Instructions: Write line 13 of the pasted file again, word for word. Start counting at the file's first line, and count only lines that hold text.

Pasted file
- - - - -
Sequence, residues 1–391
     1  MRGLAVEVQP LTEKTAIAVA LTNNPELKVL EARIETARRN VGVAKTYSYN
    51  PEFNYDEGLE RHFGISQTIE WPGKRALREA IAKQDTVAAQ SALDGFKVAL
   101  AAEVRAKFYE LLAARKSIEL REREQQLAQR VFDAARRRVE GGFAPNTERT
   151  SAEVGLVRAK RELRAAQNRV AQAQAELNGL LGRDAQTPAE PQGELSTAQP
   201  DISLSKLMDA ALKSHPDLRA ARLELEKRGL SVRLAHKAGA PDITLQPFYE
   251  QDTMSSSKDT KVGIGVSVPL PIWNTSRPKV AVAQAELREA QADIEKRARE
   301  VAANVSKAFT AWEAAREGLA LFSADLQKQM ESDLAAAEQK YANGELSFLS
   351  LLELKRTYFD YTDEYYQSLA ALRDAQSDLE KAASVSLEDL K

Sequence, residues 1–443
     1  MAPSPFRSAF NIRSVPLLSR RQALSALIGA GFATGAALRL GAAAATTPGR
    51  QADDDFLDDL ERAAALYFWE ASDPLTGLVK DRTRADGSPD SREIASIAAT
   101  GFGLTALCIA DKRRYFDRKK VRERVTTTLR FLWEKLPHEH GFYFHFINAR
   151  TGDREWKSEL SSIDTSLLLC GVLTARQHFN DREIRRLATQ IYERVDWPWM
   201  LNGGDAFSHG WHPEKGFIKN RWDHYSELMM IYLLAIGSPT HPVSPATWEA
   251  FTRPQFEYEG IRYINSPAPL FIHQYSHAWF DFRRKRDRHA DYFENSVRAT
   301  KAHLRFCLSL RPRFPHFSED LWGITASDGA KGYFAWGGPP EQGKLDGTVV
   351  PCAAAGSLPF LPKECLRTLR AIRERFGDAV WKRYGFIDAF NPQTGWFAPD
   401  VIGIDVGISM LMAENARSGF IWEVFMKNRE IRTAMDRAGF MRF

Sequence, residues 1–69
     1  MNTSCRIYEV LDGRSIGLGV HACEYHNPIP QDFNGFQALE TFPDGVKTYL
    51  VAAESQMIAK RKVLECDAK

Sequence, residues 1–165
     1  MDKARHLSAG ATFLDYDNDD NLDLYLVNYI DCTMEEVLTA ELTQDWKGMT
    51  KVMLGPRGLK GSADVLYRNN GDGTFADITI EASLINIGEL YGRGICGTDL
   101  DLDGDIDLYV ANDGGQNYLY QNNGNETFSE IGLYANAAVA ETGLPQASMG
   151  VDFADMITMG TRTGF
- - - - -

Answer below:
   101  GFGLTALCIA DKRRYFDRKK VRERVTTTLR FLWEKLPHEH GFYFHFINAR